Have you come across a company you think might be a worthwhile investment but you don’t know how risky the company is? This is a method I use to quickly determine a company’s risk level. Many companies are covered by analysts but you often have to pay to receive their reports. In other cases, if you use a discount broker, their website will have various analyst reports that are available to you at no additional cost. In some cases you walk away puzzled because some analyst reports recommend “sell”, “hold”, and “buy” all at the same time. As I write this article, my discount broker has 5 different analyst reports on 3M. Three rate it a “hold”, one rates it a “buy”, and one rates it a “sell”.
This is why I use a quick and rudimentary method to quickly determine a company’s risk level.
I check to see if the company’s credit ratings (Standard & Poor’s, Moody’s Investor Services, Fitch Ratings, Dominion Bond Rating Service Ltd.) are posted on the company’s website.
In other cases I perform a search for credit ratings and do not get the results for which I am searching. In these cases I go to the Investor section of the company’s website and I will look up recent Securities and Exchange Commission (SEC) Filings.
I look for “424B2″ filings. This is the prospectus form a company must file if it is making a primary offering of securities on a delayed basis. It includes information about the security being offered such as the price set for the public offering and the method of distribution.
On October 31, 2016, United Technologies (NYSE: UTX) filed a prospectus pursuant to rule 424. This particular prospectus does not reflect the company’s credit rating. It does, however, show the rate of interest to be paid on the securities being issued.
Looking at the interest rates on these securities on a stand-alone basis is meaningless. I compare these rates to the 3, 5, 7, 10, 20, and 30 “risk free” rates found at the following site:
As at December 2, 2016, these “risk free” rates are: 1.40%, 1.84%, 2.20%, 2.40%, 2.78%, and 3.08%.
The rates United Technologies will pay on the new securities are reasonably close to the “risk free” rates. This gives me some comfort it is credit worthy; the risk of defaulting on its obligations is remote. Based on my parameters, this company warrants more research.
If the company in which I wish to invest is Canadian and is issuing securities in Canadian dollars, I compare the rates to those found on:
As at December 2, 2016, the “risk free” rates for 2, 3, 5, 7, 10 and “long” rates are: 0.50%, 1.75%, 0.75%, 1.50%, 1.50%, and 2.75%.
The long rate is to December 1, 2048 and yes, the 3 year rate is higher than the 5, 7, and 10 year rates!
Let’s look at two companies with higher risk profiles that do not meet my risk tolerance level.
Student Transportation Inc.
I accessed Canadian Securities Administrators ‘ SEDAR website to look at recent filings for Student Transportation Inc. (NASDAQ: STB and TSX: STB).
I found a filing of the 3 month financial statements ending September 30, 2016 and 2015 uploaded November 9, 2016 on SEDAR. Within the notes of the financial statements I found the following:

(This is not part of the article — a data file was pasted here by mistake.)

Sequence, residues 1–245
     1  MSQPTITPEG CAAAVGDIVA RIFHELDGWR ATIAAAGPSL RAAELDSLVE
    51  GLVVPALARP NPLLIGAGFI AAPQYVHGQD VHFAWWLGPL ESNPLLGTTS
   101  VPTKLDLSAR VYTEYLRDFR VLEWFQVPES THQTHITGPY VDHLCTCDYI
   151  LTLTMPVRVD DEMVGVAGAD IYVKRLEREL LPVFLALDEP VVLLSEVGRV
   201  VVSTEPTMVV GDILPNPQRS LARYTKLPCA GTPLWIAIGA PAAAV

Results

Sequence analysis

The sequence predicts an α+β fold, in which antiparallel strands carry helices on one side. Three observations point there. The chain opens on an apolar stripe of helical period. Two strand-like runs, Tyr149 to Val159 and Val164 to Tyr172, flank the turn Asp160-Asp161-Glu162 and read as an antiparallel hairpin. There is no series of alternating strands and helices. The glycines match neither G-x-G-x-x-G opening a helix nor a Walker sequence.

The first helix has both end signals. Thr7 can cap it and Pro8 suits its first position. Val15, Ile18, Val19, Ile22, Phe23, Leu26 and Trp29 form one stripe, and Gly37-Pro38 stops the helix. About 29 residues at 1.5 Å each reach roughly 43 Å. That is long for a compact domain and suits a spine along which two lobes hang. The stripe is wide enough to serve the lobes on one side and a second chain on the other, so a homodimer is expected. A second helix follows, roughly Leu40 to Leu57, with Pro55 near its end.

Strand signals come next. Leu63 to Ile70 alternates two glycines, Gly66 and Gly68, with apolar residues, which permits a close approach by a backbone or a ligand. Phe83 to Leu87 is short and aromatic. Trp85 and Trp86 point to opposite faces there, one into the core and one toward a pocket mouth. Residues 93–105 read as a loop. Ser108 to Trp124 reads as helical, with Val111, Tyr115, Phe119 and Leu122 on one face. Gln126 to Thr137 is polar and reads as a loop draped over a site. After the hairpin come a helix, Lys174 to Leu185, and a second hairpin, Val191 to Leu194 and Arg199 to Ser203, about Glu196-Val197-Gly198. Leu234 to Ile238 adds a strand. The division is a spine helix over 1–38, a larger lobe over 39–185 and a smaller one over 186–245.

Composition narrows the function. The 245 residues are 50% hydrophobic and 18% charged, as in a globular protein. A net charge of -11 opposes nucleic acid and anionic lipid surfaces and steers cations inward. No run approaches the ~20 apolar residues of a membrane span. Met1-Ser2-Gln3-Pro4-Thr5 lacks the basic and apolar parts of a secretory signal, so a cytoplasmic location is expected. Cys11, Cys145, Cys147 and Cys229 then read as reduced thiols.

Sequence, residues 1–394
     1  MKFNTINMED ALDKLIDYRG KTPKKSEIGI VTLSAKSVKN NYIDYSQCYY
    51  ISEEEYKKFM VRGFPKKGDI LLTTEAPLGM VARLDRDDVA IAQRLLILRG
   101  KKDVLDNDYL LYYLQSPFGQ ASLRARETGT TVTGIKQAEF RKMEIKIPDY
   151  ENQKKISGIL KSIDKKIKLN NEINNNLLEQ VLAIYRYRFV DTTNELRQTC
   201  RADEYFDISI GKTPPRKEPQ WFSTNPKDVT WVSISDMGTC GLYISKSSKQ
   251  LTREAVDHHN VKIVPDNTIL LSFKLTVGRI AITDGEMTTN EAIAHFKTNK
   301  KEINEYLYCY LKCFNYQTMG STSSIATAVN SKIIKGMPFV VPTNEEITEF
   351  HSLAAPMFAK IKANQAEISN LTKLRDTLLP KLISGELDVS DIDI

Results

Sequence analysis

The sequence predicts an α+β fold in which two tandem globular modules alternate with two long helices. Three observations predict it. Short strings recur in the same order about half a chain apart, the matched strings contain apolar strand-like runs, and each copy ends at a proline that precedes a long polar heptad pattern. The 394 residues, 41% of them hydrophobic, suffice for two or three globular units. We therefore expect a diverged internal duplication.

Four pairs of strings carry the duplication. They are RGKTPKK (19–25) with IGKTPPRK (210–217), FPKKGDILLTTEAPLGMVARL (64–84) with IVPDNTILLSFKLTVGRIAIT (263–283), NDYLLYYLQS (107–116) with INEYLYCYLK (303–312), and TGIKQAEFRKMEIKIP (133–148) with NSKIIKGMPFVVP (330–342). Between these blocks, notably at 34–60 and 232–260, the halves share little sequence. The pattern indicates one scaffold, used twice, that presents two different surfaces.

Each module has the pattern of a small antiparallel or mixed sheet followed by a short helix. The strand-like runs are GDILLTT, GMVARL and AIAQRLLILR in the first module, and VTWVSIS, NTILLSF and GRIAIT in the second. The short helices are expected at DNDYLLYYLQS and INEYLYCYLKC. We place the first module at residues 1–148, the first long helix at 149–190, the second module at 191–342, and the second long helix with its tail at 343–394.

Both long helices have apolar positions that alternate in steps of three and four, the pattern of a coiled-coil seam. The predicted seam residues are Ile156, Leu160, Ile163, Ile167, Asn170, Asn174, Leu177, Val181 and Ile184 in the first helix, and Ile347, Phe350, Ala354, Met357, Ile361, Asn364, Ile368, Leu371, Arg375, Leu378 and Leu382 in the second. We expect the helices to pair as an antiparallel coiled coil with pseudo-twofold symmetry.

“On August 16, 2016, Student Transportation Inc. issued 5.25% convertible unsecured subordinated debentures due September 30, 2021 at a price of $1,000 per debenture, for total gross proceeds of $85.0 million.”
5.25% for the 5 year subordinated debentures does not compare favorably with the 5 year Canadian Benchmark Bond Yield of 0.75%. Given that common shares rank after convertible unsecured subordinated debentures in the event of liquidation, Student Transportation is too risky to warrant any research.
Seaspan Corporation (NYSE: SSW) is a company for which I have seen a few articles on Seeking Alpha. This is a hub where investors post articles about various companies they have analyzed.
When I go to Seaspan’s website Seaspan Corporation Financial Information and look up SEC filings, I see a prospectus filed pursuant to Rule 424 on November 7, 2016. I see 4 Preferred Share issues bearing rates between 7.875% and 8.25%. These rates do not compare favorably with the US “risk free” rates.
I recognize I am comparing debt versus preferred shares rates. The disparity in rates, however, is enough to make me pass on conducting any further due diligence.
What if the company has no debt? This can mean two things.
In some cases the company is so risky nobody will lend it money or buy any debt even if it succeeded in raising debt. Examples of this would be a junior mining company or a biotech company with no revenue stream (it might only have drugs in Phase 1 or Phase 2 stages of testing); these companies typically raise equity. I have absolutely no interest in investing in such companies.
Other companies like Microsoft Corporation, Nike Inc., Automatic Data Processing, Inc., and Paychex, Inc. have minimal or no debt. In some cases, companies have been so profitable the use of debt has not been required or, if it ever was required, it has been repaid. I will definitely roll up my sleeves and conduct more research for such companies.
This is not the only way to quickly determine which companies are too risky for your level of comfort. Let me know the process you follow to cull the universe of companies that may be worthy of your hard earned money.